Domestic Abuse Restraining Orders
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A domestic abuse restraining order is a civil order that provides protection from harm by an adult household or family member.
back to topWhat are domestic abuse restraining orders?
A domestic abuse restraining order, also called an injunction, is a paper which is signed by a judge and tells an abuser to stop the abuse or face serious legal consequences. It offers civil legal protection from domestic violence to both women and men victims.
back to topWhat is the legal definition of domestic abuse in Wisconsin?
Domestic abuse in Wisconsin includes the following:
- intentionally causing physical pain, physical injury or illness;
- intentionally harming someone;
- sexual assault - a violation of s. 940.225(1), (2) or (3);
- stalking - a violation of s. 940.32;
- destruction of property belonging to the victim - a violation of s. 943.01; and
- threatening to do any of the above acts. *
To read the exact wording of the law, please see the definitions section on the WI Statutes
Harassing or stalking behavior is also covered under a different type of restraining order called a harassment restraining order
* Wis. Stat. § 813.12(am)
back to topHow can a restraining order help me?
A domestic abuse restraining order may:
- Order the abuser to refrain from (stop) committing acts of domestic abuse against you;
- Order the abuser to stay away from your residence, or any other location you are temporarily occupying, or both;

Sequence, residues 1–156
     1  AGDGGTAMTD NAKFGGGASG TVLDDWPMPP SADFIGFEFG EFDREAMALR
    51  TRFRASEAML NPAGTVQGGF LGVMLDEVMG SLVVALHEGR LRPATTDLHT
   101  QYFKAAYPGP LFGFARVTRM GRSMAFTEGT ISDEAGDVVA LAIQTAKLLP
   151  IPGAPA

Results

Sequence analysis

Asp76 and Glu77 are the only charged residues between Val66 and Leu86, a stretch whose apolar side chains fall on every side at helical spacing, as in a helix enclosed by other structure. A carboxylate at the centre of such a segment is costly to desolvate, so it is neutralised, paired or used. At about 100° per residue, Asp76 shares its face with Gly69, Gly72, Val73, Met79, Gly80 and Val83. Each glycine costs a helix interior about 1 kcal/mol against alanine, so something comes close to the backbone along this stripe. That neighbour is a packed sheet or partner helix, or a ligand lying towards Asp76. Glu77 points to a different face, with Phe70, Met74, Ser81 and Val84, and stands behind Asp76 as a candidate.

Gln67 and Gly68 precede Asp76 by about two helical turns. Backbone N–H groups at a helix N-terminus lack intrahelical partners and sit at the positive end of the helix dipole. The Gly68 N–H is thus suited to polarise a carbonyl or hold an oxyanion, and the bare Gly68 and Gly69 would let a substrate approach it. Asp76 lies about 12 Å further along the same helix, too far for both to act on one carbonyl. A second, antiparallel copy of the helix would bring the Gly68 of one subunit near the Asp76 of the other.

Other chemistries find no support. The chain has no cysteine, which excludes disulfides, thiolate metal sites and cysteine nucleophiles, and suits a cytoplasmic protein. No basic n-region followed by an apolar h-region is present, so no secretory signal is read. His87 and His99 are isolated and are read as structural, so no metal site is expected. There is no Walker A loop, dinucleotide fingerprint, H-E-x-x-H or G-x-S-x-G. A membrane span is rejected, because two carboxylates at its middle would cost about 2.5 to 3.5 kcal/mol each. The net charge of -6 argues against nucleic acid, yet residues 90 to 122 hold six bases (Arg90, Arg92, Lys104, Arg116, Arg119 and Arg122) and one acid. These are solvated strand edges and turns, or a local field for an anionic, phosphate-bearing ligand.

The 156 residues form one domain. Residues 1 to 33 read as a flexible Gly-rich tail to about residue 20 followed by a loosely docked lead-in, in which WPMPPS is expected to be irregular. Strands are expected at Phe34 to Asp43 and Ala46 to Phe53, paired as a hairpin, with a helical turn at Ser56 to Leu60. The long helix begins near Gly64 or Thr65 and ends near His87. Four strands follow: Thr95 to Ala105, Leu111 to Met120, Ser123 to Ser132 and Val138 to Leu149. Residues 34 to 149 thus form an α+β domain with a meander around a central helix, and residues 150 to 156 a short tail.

- Order the abuser to avoid contacting you directly or through a third party, with the exception of the abuser's attorney and any law enforcement officer;
- Order the abuser to hand over any firearms in his possession to the authorities and forbid him from buying firearms;
- Grant other relief that you ask for, if the court finds the relief is necessary for your protection.*
When the final domestic violence restraining order, or final injunction, is granted, the abuser must hand over any firearms in his possession and will be forbidden from buying any firearms. ** However, if the abuser is a police officer, or has to use a firearm for work, the court may not require him/her to surrender it. *** For more information, see Wisconsin Gun Laws
Whether a judge orders any or all of the above depends on the facts of your case.
* Wis. Stat. § 813.12(4)
** Wis. Stat. § 813.12(4m)(a)2.
*** Wis. Stat. § 813.12(4m)(ag)
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